By Jonquil Frankham

CALIFORNIA, November 6, 2008 ( – A San Francisco surgeon is undergoing trial for allegedly hastening the death of a terminally ill patient to harvest his vital organs.

The case against Hootan Roozrokh is believed to be the first of its kind brought against an American transplant surgeon.

Rosa Navarro, the patient’s mother, successfully filed suit against the hospital where the patient died and received $250,000 in compensation. Now the District Attorney’s office is pressing charges against the 34-year-old surgeon for “dependent adult abuse, administering a harmful substance and prescribing controlled substances without a legitimate medical purpose.”

Roozrokh is also being charged with giving the 25-year old Ruben Navarro an antiseptic called Betadine, normally administered to an organ donor after death, via feeding tube to the stomach. Some commentators suggest the antiseptic was ultimately responsible for the patient’s death.

Roozrokh attempted to induce what is known as “cardiac death,” a new criteria for determining “death,” by delivering abnormally high doses of painkillers in order to retrieve vital organs from Ruben Navarro. “Cardiac death” is distinct from “brain death,” an older criterion for determining death that requires a cessation of all brain function prior to harvesting vital organs.

Toronto physician and LifeSiteNews medical adviser Dr. John Shea, MD, FRCP (C), says that in order to determine if a patient meets the “cardiac death” criteria the patient’s respirator is removed while the heart is still beating.

“If the heart stopped beating within an hour, the surgeon waited two to five minutes before taking out the organs. If the heart had not stopped beating within an hour, the patient would be returned to a hospital bed to die without any further treatment,” writes Dr. Shea.

On January 29, 2006, Ruben Navarro stopped breathing on his own, and was put on a respirator. On February 3 he still had not recovered consciousness, though his mother claimed she saw “signs of recovery.”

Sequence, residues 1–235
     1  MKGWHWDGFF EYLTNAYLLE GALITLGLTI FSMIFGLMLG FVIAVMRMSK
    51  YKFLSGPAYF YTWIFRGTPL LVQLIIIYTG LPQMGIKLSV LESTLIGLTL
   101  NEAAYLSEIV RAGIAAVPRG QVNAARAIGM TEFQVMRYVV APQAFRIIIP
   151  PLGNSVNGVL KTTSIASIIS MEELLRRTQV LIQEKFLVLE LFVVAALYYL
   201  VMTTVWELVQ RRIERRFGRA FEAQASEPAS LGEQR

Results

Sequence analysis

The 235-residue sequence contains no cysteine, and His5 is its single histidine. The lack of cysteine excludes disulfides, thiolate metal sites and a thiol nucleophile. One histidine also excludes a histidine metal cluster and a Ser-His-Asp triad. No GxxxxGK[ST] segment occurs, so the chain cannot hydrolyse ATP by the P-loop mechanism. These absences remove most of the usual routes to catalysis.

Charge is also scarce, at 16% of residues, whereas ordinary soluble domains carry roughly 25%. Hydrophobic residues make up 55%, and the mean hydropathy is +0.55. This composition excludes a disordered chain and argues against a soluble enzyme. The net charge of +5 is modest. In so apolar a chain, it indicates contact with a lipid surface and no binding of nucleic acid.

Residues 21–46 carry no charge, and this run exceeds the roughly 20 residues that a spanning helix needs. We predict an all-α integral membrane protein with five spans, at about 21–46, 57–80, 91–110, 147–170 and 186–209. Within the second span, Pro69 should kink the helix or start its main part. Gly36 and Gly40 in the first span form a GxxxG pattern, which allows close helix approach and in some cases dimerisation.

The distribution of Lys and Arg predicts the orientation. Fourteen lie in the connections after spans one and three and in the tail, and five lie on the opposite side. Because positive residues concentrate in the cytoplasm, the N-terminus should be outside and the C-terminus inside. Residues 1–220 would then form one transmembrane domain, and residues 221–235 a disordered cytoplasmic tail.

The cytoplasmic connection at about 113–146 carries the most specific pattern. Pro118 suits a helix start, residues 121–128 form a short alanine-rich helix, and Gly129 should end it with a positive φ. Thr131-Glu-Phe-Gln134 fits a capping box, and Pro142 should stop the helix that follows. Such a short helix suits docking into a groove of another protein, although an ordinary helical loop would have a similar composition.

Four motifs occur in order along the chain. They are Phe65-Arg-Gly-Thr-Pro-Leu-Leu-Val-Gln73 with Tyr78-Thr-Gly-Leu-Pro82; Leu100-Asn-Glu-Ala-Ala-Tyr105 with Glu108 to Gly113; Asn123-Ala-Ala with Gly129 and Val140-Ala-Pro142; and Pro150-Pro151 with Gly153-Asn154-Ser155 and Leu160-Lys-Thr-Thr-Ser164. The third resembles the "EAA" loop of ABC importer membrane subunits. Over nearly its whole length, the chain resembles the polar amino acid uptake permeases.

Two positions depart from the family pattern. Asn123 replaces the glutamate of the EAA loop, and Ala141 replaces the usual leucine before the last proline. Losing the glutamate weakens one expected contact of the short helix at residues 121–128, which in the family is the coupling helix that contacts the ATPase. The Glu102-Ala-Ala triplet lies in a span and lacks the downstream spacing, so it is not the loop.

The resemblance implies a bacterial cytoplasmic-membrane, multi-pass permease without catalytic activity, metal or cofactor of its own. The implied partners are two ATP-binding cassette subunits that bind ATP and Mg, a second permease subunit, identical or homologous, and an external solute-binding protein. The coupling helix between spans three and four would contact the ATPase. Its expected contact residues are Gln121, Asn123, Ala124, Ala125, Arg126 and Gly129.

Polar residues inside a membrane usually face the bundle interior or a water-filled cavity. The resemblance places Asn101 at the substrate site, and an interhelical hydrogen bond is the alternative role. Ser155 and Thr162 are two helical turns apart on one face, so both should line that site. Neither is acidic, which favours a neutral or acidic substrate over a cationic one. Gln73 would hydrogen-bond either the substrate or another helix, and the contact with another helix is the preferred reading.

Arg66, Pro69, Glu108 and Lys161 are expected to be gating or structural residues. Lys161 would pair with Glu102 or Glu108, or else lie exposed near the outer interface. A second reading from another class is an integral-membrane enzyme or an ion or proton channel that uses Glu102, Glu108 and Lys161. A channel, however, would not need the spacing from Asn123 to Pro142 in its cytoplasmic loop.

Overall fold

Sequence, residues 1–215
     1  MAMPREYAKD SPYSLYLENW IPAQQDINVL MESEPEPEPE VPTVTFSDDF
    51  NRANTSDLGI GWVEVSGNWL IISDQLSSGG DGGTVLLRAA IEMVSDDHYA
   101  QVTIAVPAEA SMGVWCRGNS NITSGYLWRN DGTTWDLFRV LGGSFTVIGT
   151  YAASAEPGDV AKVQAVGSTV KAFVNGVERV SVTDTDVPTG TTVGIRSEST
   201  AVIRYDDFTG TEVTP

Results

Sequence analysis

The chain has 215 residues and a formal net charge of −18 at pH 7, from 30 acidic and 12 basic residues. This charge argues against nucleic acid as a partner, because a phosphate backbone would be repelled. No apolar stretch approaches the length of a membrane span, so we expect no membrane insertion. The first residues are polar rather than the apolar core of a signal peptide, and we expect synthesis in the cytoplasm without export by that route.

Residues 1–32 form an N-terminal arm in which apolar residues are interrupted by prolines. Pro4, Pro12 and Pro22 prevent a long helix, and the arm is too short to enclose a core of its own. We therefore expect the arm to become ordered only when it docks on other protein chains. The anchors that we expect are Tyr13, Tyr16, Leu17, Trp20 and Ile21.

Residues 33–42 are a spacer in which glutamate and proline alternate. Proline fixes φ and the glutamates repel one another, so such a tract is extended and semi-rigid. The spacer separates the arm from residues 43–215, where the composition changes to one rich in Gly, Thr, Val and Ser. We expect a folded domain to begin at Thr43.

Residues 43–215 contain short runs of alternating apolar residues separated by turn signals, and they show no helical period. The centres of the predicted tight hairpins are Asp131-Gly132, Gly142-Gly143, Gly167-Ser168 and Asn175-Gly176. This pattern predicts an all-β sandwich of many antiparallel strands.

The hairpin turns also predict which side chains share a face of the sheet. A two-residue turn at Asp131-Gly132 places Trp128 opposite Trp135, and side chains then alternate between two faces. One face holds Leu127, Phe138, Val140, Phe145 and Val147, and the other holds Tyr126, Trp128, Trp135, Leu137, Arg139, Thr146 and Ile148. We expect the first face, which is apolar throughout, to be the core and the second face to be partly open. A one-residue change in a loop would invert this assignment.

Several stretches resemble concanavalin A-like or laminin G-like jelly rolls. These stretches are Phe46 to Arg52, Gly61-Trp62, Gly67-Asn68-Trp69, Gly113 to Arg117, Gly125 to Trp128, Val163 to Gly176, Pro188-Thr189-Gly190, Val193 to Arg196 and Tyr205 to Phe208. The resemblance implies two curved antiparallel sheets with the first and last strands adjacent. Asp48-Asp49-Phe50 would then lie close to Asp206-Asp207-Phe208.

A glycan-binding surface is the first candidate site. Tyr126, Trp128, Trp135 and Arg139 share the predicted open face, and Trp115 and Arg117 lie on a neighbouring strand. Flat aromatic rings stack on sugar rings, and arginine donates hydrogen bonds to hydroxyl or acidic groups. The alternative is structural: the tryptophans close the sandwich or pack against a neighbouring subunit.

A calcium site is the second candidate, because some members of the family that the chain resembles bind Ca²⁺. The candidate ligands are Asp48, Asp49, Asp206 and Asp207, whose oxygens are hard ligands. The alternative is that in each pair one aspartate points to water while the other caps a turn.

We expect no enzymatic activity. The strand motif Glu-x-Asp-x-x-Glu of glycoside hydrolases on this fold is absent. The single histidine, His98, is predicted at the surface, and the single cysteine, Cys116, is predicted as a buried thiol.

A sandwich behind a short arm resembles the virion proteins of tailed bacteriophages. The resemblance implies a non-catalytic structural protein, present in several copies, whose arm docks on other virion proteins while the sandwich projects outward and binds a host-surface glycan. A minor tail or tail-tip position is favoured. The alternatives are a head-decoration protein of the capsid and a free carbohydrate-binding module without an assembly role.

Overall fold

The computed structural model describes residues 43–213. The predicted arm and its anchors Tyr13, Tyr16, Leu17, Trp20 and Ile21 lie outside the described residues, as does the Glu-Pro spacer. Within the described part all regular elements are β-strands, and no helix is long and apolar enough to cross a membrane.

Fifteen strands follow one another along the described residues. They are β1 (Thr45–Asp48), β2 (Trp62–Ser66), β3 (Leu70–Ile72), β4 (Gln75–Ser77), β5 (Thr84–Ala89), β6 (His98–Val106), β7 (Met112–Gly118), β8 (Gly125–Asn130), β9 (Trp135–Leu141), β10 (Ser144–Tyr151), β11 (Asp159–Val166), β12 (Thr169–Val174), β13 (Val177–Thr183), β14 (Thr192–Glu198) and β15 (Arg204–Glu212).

Medical staff then removed Navarro to the operating room and withdrew his respirator, claiming that hospital policy required them to “pull the plug” after five days on life support without patient recovery. Navarro continued to live, however, and Dr. Roozrokh, is reported to have then told nurses, “Let’s just give him some more candy.” The patient was given high doses of morphine and Ativan to hasten death.

Navarro’s heart continued to beat, and after one hour his organs were no longer considered useable. He was removed from the operating room and died several hours later.

Besides the ambiguity surrounding the actual moment of death, Dr. Shea writes that harvesting organs at either the point of brain death or cardiac death creates a conflict of interest on the part of the attending physician and fosters a “utilitarian” approach to life and death.

According to California state law, in order to avoid potential conflicts of interest, transplant surgeons cannot direct the care of potential donors while the patient is still in treatment. In this case, however, sources have reported to police that, contrary to that requirement, Dr. Roozrokh was directing the administration of drugs to Mr. Navarro while in the operating room.

Writing about the “utilitarian rationale” behind the invention of the “brain death” criterion, Shea says that “it was no longer the interest of the dying to avoid being declared ‘dead’ prematurely, but the community’s interest in declaring a dying person dead as soon as possible.” Shea’s criticisms would also apply to the “cardiac death” criterion.

The utilitarian approach to life and death that is increasingly pervading the organ donation industry is obvious from an article published this October by two Oxford scholars, which suggests that, rather than ensuring that brain death and cardiac death are indeed true death, “we could abandon the dead donor rule,” as LifeSiteNews reported.

“We could for example, allow organs to be taken from people who are not brain dead, but who have suffered such severe injury that they would be permanently unconscious, like Terry Schiavo, who would be allowed to die anyway by removal of their medical treatment,” wrote Julian Savulescu, the Uehiro Chair of Practical Ethics at the University of Oxford, and neonatologist and Oxford graduate student Dominic Wilkinson.

Bioethics International writes that the Roozrokh case “is likely to raise uneasiness among potential organ donors and could prompt doctors to shy away from a somewhat controversial practice of retrieving organs before a patient is brain dead.”

See related coverage:

Shock: Oxford Neonatologist Says Time Has Come to Consider “Mandatory Organ Donation”

Organ Transplant Doctor Investigated in Non-Heart Beating Donation Case

Mother Alleges Doctor Murdered Her Handicapped Son to Harvest His Organs

Charges Brought against Transplant Doctor Accused of “Hastening” Patient’s Death